In February, the Joint Commission announced that its survey standards would now include compliance with federal rules requiring healthcare workers to be vaccinated against COVID-19.
This announcement followed the U.S. Supreme Court’s decision in January to uphold the Omnibus COVID-19 Health Care Staff Vaccination Interim Final Rule. Drafted by the Centers for Medicare and Medicaid Services (CMS), the rule requires healthcare facilities to mandate that their employees are vaccinated against COVID-19. Facilities that do not comply face the loss of reimbursement for services provided to Medicare beneficiaries. That is a big stick. As you know, most healthcare organizations would not survive long without government funding.
The flurry of activity around this rule provides an opportunity to consider the merits of COVID-19 vaccination for a few minutes.
When my age group was allowed to be vaccinated, I was one of the first in line at Walgreens. I’ve been vaccinated and boosted. I dutifully wear my KN95s — or at least a surgical mask. I wash my hands so often that they often look like they belong to one of the alligators living in Florida’s ponds and lakes.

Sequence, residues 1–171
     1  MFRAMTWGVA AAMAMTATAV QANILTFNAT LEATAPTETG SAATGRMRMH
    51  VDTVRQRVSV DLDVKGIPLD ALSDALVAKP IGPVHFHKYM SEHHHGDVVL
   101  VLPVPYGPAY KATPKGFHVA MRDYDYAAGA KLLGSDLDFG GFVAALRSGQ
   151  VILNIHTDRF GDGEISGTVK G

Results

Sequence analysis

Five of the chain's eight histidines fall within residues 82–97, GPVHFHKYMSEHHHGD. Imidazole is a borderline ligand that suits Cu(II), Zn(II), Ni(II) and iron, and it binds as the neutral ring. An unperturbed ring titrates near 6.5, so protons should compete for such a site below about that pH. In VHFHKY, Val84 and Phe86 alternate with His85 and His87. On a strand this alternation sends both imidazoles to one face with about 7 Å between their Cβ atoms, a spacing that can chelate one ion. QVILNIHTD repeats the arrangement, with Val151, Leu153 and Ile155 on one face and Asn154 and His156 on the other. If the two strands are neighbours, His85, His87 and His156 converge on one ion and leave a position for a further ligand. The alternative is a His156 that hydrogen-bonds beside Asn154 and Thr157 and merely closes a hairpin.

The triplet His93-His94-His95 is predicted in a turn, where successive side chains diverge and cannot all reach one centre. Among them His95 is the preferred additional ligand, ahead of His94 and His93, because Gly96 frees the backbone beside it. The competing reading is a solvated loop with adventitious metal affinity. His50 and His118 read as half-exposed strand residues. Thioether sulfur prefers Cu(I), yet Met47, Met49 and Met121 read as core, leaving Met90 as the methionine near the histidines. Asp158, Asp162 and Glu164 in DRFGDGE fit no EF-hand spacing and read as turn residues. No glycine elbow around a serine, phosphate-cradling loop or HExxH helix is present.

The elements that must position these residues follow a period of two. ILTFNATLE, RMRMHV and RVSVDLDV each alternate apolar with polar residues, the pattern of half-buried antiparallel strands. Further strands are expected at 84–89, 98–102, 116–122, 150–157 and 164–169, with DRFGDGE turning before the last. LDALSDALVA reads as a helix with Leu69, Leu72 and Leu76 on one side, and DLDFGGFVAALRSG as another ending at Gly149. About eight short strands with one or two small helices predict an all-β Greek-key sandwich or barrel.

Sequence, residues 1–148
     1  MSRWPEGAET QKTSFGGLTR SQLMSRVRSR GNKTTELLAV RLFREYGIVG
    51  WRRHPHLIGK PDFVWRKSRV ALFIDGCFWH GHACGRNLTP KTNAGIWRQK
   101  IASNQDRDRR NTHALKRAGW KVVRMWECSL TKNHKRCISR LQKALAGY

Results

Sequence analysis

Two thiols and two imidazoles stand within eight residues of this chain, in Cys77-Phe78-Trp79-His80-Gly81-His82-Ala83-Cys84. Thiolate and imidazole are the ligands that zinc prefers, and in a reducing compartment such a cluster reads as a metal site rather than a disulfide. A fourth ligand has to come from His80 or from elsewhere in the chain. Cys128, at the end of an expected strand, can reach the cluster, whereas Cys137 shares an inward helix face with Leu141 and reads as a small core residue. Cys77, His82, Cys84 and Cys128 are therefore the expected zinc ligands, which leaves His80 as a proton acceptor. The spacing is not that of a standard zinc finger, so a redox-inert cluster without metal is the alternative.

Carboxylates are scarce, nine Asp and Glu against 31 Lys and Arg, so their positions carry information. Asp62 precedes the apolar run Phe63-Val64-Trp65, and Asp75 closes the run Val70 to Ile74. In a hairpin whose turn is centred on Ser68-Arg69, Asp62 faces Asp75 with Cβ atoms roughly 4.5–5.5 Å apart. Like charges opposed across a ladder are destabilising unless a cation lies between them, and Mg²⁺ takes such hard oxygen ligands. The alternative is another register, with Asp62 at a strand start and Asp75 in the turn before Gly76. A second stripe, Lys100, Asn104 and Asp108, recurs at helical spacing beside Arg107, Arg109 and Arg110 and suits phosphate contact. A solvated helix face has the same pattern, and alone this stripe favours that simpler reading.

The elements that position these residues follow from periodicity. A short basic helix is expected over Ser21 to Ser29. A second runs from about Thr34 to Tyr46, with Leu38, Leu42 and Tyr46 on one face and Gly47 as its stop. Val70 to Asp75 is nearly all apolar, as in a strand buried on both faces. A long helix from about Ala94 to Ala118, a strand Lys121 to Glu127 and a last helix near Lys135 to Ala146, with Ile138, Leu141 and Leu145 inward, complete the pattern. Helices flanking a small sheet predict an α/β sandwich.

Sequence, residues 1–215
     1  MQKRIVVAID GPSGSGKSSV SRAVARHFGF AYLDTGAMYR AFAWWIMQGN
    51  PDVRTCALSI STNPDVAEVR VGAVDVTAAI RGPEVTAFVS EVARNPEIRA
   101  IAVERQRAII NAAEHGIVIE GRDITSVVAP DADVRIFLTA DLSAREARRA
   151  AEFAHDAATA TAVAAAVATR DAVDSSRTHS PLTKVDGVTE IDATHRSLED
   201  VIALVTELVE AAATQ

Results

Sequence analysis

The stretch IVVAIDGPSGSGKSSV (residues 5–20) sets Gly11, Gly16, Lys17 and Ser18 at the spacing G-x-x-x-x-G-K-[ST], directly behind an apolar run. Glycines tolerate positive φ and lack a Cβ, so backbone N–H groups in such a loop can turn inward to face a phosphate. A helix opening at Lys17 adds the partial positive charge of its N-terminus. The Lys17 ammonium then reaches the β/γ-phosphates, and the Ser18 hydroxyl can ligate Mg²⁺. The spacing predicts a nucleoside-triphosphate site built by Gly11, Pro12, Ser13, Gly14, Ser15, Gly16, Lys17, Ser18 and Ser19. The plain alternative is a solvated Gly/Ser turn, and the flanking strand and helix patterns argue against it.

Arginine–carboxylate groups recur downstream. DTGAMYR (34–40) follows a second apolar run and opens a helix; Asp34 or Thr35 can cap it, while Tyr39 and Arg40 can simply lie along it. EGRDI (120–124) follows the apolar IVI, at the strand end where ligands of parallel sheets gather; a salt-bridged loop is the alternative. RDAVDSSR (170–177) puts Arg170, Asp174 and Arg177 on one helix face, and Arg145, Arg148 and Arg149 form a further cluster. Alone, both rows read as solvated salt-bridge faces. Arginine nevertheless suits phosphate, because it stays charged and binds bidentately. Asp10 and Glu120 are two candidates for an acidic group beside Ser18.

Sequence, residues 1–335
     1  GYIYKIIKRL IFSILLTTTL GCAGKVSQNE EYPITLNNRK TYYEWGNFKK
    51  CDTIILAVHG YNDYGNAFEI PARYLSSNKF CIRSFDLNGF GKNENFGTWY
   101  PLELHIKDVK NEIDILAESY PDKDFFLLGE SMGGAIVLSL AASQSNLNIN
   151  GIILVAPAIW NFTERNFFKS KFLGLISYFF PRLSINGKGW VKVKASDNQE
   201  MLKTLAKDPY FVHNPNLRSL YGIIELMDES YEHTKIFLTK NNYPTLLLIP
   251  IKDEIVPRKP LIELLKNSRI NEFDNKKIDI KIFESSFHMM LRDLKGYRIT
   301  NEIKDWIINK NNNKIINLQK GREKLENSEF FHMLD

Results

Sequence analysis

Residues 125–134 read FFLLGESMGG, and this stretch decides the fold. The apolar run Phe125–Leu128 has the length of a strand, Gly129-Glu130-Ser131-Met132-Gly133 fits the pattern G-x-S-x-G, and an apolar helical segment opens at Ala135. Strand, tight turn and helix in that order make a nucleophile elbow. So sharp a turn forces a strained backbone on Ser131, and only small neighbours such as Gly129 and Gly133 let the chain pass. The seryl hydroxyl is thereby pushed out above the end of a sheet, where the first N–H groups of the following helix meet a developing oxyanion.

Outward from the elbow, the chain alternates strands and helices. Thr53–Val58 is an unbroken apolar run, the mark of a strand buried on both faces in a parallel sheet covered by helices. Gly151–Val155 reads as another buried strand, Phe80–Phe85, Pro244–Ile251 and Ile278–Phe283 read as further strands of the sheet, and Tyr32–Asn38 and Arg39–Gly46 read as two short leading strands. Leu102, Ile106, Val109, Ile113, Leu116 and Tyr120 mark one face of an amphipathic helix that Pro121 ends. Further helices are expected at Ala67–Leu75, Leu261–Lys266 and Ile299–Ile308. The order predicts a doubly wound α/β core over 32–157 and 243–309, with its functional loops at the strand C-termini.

Even with my diligence, I came down with a breakthrough case of COVID-19. Other members of my family did as well.
After a few tough days, I started to feel better. I was relieved. I sent a text to a good friend who is the director of nursing services for a county health department. I wanted to let her know about my case. She said, “Can you imagine it if you weren’t vaccinated?”
The truth is, the idea is too scary for me to think about. That is why I am suggesting to you that if you haven’t been vaccinated, this might be good time to think about your position on the issue, again.
If you decide to do this, consider separating yourself briefly from the rhetoric, social media posts, government activity, and talking heads on television. You might go to a favorite spot by yourself and think about you and your family. Forget about everybody else for a few minutes.
From personal experience, I’ve concluded that SARS-CoV-2 is not something to mess with. Even with the vaccine, I became infected with the virus. I am thankful that I was vaccinated.
And I’m thankful for all of you, and the hours you spend running tests to diagnose COVID-19, as well as the myriad other diseases common in our society.
I welcome your comments, questions, and opinions — please send them to me at [email protected].